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The Fox and the Grapes – Learn English with Fairy Tales

Published on July 17th, 2020 | Last updated on June 7th, 2023 by | Category: English Short Stories | 6 Comments on The Fox and the Grapes – Learn English with Fairy Tales | 104 Views | Reading Time: 3 minutes

The Fox and the Grapes

The Fox and the Grapes

Available in the public domain at: https://www.gutenberg.org

One hot summer’s day a Fox was strolling through an orchard till he came to a bunch of Grapes just ripening on a vine which had been trained over a lofty branch.

“Just the thing to quench my thirst,” quoth he. Drawing back a few paces, he took a run and a jump, and just missed the bunch. Turning round again with a One, Two, Three, he jumped up, but with no greater success.

Again and again he tried after the tempting morsel, but at last had to give it up, and walked away with his nose in the air, saying: “I am sure they are sour.”

It is easy to despise what you cannot get.

New words and expressions

  1. Stroll: to walk in a slow and unhurried manner
  2. Orchard: an area of land on which fruit or nut trees are grown abundantly
  3. A bunch of: a cluster of fruits growing on a stem
  4. Ripening: ripe and suitable for eating or harvesting
  5. Trained: aimed at, pointed to, directed
  6. Lofty: very tall or high
  7. Quoth: said (Old English)
  8. Tempting: causing craving to arise in someone, stimulating
  9. At last: finally, eventually
  10. Give up: quit, abandon
  11. To have one’s nose in the air: to act haughtily and arrogantly, be disdainful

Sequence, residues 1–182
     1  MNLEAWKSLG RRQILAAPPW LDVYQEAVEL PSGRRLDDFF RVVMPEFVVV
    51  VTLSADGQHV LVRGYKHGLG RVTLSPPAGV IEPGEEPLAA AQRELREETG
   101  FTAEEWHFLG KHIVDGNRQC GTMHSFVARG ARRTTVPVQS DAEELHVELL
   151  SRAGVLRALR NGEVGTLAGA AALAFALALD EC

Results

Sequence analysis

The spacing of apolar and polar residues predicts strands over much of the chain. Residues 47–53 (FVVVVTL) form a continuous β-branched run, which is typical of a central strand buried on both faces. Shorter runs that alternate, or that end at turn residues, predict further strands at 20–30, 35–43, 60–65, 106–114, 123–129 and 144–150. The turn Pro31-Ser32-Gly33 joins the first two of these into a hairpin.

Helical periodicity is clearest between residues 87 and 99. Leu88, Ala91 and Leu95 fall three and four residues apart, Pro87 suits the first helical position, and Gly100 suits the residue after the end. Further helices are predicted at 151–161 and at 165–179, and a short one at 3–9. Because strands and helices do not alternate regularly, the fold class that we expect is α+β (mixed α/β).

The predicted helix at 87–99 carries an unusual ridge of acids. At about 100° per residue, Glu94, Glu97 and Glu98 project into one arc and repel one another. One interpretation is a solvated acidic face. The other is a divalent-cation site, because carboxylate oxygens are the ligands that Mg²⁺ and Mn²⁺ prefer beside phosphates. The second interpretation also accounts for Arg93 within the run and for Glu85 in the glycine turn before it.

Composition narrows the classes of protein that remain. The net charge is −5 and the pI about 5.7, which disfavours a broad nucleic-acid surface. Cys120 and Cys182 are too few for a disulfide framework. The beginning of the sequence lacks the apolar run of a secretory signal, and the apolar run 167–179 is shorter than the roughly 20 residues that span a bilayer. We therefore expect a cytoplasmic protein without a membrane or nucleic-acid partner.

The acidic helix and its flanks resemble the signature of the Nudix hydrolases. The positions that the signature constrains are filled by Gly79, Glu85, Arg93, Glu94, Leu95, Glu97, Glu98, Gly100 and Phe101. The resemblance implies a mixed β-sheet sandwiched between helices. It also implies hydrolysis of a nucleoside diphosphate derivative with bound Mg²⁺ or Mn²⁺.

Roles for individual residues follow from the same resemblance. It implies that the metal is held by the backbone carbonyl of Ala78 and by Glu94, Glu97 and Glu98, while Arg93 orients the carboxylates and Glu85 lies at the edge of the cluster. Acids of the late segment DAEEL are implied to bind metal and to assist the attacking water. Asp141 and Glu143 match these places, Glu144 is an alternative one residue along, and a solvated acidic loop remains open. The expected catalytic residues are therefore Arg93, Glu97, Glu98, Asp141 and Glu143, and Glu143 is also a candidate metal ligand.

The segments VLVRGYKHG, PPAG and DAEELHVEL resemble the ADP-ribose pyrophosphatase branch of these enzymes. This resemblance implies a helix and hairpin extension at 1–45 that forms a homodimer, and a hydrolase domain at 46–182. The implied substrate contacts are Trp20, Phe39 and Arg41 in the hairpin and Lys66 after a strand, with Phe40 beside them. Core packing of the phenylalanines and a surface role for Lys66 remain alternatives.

About the fairy tale of the Fox and the Grapes

The Fox and the Grapes is one of the Aesop’s fables. The narration is concise and subsequent retellings have often been equally so. The story concerns a fox that tries to eat grapes from a vine but cannot reach them. Rather than admit defeat, he states they are undesirable. The expression “sour grapes” originated from this fable.

Source: https://en.wikipedia.org/

Questions for discussion

  1. What is your point of view about this type of rationalization?
  2. Do you guess the fox’s saying “sour grapes” was just a pretext to evade the burden of getting the grapes?

6 comments on “The Fox and the Grapes – Learn English with Fairy Tales”

  1. 1- For me it is very bad thing because I don’t like to do my best for achieving something and
    fail to do that and make excuses by telling myself something like this.
    2- 100% yes
    Soroosh

    • Question 1: As the last resort, it is acceptable to me.
      Question 2: I agree with you. He could try more or use some other smarter ways to access what he desired.

  2. Answer to questions:
    1. Well I have to say maybe this is not always a bad thing to say when you could not get what you wanted. For example we can say that the fox tried his best and maybe it was his fate not to eat the grapes because perhaps they were poisoned.
    2.Yes, but as I said I guess he really tried to reach the grapes because the story said that the fox was thirsty. It was a thing to say to calm his conscience and don’t feel bad about himself.

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